The driver of the destructive car finally moved his arms, and it was to stop Markus Bentley's brazen attack in its tracks. He took the scissors sideways with his left arm and pulled them away to the left, out of Bentley's control. Markus put up his leg to kick his assailant in the groin, but the man swung sideways, ripping the scissors out of his hands and out of his reach.
‘Who the hell are you and what do you want from me?’ Markus finally found the courage to ask his pursuer the question he didnt understand.
The hulk remained silent and grabbed Markus by the pulses, flinging him around with his head in the middle of the flower pots. Just as the driver was about to get hold of his legs for some more nasty gymnastics, Markus leaped forward like a frog, taking half the rack down with him. He swung around, keeping his back against the floor, and kicked both legs into the oncoming attacker. That was tough. He felt like he was pushing up a truck with his legs. But he managed to stop the man's trajectory and then change it around, kicking him back onto the walkway.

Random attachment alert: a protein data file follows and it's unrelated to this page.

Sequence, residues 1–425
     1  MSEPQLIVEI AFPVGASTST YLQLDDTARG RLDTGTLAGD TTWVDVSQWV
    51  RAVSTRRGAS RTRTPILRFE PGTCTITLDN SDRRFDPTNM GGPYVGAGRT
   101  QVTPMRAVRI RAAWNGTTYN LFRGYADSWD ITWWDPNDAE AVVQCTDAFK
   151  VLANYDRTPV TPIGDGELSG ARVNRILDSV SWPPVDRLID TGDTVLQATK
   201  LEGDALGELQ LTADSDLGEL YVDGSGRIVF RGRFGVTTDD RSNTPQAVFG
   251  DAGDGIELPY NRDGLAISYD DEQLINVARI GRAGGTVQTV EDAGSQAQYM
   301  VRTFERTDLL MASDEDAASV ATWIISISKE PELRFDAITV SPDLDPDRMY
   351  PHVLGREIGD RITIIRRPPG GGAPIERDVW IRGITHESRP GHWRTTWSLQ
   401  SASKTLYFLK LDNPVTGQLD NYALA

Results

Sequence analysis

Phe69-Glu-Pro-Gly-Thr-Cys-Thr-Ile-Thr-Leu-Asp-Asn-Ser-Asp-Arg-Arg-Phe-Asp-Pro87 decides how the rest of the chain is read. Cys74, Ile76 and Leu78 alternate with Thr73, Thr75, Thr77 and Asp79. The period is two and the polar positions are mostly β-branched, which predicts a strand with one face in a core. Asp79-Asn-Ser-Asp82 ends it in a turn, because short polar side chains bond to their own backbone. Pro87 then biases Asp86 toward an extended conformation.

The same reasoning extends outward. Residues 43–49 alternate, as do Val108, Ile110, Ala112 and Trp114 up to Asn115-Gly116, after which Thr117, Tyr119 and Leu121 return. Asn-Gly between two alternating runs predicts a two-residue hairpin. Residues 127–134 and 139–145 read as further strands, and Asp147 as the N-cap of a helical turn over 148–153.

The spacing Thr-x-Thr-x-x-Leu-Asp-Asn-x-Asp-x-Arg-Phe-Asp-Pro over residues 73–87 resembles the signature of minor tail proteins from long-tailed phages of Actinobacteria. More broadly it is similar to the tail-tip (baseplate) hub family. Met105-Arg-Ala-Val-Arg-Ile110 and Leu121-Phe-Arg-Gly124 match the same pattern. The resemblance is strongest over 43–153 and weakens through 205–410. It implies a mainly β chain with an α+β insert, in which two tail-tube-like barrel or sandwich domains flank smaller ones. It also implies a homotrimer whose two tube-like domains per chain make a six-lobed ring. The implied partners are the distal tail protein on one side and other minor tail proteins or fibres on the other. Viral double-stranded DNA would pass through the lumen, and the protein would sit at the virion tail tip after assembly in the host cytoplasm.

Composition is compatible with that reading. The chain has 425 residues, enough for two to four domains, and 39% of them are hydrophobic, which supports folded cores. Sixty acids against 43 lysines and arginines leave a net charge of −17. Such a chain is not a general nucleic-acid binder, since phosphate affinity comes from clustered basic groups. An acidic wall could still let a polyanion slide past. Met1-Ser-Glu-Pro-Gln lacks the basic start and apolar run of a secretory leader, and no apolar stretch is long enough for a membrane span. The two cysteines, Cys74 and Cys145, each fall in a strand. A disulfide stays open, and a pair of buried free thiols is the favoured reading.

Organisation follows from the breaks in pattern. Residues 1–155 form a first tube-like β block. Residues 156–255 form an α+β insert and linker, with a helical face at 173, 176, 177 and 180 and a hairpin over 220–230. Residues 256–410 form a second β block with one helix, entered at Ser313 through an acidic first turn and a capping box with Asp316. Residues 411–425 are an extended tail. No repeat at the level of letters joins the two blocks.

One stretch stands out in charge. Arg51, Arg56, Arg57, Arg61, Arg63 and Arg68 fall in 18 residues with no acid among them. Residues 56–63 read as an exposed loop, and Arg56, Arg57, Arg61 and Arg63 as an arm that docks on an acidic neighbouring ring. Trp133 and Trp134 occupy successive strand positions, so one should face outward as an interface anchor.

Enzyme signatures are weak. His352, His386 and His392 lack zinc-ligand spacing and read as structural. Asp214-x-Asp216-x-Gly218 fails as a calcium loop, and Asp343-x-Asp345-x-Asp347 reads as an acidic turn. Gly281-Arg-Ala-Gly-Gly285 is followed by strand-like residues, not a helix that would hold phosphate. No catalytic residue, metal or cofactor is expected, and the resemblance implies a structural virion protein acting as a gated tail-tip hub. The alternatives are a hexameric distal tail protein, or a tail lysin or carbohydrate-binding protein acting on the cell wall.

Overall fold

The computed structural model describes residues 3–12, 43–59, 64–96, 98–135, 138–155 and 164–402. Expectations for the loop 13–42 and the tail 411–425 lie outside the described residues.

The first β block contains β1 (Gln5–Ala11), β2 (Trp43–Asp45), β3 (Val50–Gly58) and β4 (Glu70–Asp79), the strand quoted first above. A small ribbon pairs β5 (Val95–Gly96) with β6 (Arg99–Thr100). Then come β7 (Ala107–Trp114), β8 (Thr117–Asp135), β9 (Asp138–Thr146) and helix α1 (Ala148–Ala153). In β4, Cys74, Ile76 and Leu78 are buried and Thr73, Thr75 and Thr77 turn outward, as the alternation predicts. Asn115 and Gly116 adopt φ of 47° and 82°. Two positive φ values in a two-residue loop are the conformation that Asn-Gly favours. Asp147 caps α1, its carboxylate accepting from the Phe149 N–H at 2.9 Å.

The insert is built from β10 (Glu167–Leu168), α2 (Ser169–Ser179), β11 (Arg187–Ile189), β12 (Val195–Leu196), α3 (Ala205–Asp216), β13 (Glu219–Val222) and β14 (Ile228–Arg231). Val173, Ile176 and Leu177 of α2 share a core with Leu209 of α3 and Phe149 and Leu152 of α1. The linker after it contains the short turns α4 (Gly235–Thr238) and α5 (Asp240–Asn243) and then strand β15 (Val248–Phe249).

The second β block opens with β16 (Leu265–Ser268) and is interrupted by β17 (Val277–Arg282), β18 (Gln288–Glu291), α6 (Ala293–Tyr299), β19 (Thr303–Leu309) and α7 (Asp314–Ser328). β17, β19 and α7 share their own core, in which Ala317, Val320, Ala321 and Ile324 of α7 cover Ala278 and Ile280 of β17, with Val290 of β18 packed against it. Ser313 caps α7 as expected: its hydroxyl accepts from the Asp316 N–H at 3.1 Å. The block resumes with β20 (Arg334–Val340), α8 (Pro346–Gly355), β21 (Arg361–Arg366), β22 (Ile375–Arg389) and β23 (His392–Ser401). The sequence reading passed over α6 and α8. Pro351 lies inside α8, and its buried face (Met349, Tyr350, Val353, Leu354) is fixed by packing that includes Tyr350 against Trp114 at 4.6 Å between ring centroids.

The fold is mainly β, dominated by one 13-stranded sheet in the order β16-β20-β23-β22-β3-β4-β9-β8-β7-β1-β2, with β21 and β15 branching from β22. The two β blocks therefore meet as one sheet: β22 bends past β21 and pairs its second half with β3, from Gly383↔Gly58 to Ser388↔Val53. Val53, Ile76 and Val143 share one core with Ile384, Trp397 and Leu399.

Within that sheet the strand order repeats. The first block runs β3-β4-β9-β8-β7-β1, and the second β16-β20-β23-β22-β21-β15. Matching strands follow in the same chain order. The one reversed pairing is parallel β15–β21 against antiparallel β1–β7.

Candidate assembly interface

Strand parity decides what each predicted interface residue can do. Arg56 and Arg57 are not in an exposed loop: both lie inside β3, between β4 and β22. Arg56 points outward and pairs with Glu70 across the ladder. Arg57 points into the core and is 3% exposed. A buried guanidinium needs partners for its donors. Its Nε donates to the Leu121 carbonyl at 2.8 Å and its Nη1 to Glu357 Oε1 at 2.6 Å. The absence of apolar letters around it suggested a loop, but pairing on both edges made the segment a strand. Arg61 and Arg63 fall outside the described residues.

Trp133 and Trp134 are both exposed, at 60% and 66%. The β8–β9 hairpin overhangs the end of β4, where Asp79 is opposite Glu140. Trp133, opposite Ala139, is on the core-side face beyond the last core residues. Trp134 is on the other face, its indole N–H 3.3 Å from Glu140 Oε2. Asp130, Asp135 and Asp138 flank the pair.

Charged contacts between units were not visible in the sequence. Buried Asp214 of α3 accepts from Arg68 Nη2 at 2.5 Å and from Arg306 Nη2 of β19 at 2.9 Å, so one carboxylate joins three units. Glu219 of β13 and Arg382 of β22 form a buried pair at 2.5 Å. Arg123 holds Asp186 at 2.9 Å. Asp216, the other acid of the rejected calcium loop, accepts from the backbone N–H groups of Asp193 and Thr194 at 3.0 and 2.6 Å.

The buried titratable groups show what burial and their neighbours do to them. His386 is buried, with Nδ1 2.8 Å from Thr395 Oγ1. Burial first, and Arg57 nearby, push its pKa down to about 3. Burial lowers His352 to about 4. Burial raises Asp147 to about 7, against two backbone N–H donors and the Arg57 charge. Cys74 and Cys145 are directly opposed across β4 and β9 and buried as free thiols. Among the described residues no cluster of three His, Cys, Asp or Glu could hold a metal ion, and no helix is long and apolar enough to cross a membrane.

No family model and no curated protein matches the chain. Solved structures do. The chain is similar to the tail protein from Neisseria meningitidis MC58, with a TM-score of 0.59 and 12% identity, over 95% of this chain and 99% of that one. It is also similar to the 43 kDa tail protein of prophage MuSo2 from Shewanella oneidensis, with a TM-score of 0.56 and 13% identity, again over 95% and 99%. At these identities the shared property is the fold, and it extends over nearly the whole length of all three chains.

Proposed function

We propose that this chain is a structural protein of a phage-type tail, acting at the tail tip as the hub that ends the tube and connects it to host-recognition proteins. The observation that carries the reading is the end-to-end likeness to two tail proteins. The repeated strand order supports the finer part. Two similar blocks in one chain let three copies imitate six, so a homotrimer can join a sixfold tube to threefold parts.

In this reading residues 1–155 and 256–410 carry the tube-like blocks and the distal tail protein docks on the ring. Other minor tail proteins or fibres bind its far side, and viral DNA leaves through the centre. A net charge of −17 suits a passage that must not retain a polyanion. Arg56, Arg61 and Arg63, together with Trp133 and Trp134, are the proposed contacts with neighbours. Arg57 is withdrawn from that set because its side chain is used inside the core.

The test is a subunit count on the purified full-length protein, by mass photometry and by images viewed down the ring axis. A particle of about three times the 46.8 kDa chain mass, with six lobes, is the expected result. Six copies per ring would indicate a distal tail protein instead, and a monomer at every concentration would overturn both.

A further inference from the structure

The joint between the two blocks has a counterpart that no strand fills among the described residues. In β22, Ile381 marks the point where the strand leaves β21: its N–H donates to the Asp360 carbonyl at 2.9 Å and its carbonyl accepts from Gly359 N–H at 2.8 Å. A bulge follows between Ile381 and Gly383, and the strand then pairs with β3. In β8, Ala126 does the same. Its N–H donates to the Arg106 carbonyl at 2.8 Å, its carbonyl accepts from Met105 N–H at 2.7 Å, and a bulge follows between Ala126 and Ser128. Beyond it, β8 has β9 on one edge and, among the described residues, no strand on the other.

Markus retraced his steps and nearly tripped over the feed bag.
‘You called the police yet?’ he shouted out to the store clerk or to whoever had the misfortune of still hanging around inside.
He heard a vague grunt which sounded like it belonged to the Moses freak. Not that Bentley wanted the police to become aware of his existence, especially with what he was about to do.
If the cops didn't come, there was only one solution left. The row of glass cases at the back of the store. The shock at the front when the car rammed the store hadn't damaged them.
Markus stood defiantly in front of the frozen fish as if they were worth defending with his life.
His pursuer came around the corner from the gardening section. Carrying a fresh pair of scissors. So that's why it had taken him so long. The man snapped the scissors as if to show Markus and himself they were working.